And then there’s city engineer Cal Miller (James MacArthur, Hang ’Em High), who declares something wrong with the Madison Bridge’s expansion joints after a third fatal accident occurs on its asphalt. Post-inspection, his dire, or-else warnings that the bridge needs to be shut down immediately fall on the deaf ears of a government bureaucrat (Boogie Nights’ Philip Baker Hall) whose secretary provides the aforementioned scene of nostril-spelunking. (A note, while we’re on the topic: Fenady also directed Allen’s Cave-In!)

Indeed, as the title makes clear, something does go wrong, 45 minutes in: Tremors in the earth chop the bridge off at both ends, stranding the above characters in a life-threatening situation that Johnny only worsens with his hothead and handgun, while Cal attempts rescue efforts from ground level. Every now and then, more pieces tumble to the water below, depicted via obvious miniatures. This Night’s biggest problem isn’t unconvincing effects, but sheer length, clocking in at a little over three hours. While Fenady and Allen managed to make Hanging by a Thread work just fine within that bloated sum, the idea-bereft Bridge shows wear. The last half could be titled The Night Viewers Learned Real-Time Lessons in Girder Climbing and Knot Tying, while the wire-strung climax comes straight from The Towering Inferno. On this smaller scale, the stakes simply aren’t high enough to justify it. —Rod Lott

Get it at Amazon.


Dec 26 2016

The Beasts Are on the Streets (1978)

Just as Final Destination 2 would 25 years later, the Hanna-Barbera production The Beasts Are on the Streets begins on the highway, introducing us to various passengers in a handful of vehicles in such a way that you know a very bad wreck is about to be in effect. Sure enough, in a fit of road rage, two rednecks in a truck cause a tanker driver off the asphalt and into the fence of a safari park, immediately flooding Highway 417 with zebras, ostriches, bison, camels, bears, panthers and elephants, as if they were all waiting patiently by one particular section of gate to be taken down.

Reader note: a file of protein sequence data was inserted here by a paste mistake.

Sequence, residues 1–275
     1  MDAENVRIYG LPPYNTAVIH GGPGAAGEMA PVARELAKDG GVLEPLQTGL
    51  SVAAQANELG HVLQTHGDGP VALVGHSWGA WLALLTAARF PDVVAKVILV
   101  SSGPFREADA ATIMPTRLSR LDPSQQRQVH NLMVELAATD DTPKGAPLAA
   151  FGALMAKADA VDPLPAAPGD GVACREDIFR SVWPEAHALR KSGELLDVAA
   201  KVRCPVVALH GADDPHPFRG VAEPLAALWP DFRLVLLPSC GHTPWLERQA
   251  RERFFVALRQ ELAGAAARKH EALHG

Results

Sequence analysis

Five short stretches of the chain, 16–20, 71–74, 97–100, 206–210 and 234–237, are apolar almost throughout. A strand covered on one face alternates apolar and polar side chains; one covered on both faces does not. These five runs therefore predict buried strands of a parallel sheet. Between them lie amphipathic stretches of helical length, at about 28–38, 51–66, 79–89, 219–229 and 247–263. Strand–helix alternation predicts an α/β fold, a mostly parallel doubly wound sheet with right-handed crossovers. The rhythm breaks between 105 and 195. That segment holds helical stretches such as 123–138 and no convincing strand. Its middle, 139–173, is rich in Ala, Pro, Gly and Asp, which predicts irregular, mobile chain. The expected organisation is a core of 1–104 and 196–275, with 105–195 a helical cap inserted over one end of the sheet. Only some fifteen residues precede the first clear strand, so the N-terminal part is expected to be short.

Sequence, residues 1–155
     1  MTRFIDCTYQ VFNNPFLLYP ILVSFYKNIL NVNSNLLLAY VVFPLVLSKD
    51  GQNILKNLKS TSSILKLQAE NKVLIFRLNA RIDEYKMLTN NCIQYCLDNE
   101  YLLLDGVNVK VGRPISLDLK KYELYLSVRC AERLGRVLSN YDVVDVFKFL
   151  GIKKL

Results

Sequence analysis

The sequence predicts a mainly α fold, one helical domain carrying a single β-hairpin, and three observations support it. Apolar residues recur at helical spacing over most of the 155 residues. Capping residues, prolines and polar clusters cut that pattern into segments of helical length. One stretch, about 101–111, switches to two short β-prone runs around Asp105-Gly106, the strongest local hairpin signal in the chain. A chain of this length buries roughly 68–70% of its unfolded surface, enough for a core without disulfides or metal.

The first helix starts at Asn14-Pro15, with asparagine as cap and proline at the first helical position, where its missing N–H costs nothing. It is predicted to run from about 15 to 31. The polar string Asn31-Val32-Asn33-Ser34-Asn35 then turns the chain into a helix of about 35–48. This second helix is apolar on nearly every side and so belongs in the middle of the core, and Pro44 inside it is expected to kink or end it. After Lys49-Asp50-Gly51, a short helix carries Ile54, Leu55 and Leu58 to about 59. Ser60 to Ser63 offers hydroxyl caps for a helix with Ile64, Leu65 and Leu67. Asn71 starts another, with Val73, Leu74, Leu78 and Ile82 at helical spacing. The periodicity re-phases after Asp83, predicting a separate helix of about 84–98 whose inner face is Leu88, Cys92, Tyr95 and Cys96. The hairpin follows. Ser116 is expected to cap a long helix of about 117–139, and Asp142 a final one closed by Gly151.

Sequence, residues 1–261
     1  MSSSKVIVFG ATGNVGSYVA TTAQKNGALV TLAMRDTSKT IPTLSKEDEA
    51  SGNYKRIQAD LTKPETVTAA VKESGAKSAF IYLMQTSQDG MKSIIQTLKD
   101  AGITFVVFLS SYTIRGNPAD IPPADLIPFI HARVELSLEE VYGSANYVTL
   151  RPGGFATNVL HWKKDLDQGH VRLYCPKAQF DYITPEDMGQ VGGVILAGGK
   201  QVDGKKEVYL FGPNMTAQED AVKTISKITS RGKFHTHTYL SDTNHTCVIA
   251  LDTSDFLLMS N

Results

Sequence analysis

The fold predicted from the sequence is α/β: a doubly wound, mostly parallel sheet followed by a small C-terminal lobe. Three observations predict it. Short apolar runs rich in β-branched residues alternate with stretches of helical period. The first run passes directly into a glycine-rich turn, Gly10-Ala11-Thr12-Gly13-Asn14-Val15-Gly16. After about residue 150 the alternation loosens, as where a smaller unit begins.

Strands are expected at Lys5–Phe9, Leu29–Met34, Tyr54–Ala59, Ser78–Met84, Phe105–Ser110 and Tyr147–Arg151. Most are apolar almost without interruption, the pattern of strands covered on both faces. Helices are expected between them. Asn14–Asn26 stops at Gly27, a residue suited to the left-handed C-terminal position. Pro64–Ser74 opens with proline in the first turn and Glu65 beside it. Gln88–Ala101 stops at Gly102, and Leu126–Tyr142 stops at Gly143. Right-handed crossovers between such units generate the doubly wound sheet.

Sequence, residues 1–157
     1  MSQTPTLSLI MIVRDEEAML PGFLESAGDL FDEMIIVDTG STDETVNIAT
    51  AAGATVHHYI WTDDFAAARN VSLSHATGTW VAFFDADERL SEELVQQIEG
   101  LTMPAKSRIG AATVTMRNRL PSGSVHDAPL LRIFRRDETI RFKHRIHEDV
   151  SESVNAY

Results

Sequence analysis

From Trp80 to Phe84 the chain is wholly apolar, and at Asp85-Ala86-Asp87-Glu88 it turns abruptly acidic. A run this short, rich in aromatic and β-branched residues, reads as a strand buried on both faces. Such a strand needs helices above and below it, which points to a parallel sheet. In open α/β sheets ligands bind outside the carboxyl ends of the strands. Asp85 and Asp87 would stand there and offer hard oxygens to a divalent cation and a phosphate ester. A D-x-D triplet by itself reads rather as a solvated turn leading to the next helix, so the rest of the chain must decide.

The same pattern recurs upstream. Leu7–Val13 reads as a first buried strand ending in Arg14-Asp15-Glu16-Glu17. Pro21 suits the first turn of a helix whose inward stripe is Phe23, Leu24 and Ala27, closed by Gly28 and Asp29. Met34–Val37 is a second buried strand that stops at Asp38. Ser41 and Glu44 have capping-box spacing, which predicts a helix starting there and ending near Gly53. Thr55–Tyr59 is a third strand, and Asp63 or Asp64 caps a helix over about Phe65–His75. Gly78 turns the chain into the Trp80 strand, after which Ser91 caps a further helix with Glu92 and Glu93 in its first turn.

The deadlier animals try to get into cars to retrieve the human snacks inside. One dumb guy, ignoring all advice to the contrary, leaves the safety of his automobile, only to practically be raped by a tiger for doing so. But what about the zoo’s star attraction, the king of the jungle? As a particularly awful TV news personality reports live from the scene, “There’s no word on that famous lover lion, Renaldo.” Suspense!

For this disaster-minded take on the Ivan Tors family comedy Zebra in the Kitchen, one-time 007 director Peter Hunt (On Her Majesty’s Secret Service) follows the efforts of park employees — played notably by disaster-pic staple Carol Lynley (Flood), fresh from pulling a baby camel from its mother’s vagina, and a pre-Miami Vice Philip Michael Thomas — to round up God’s creatures great and small from all over town, and return them unharmed to caged living. Running amok as nature intended, the poor things just wanted to get turnt — instead, they get tranq’d.

Pre-PETA, Beasts’ wild and wooly treatment of its four-legged cast members only adds to its watchability (a dune buggy careening downhill comesthisclose to mowing down a rhino). Don’t think the two-legged actors got off easy, either; the movie seems to radiate the kind of questionable crowd safety (in particular, watch for the toddler who is yanked up by his arm in a throng of panicked picnickers) filmmakers couldn’t get away with today — not that the networks make this kind of ready-for-prime-time schlock anymore. —Rod Lott

Get it at Amazon.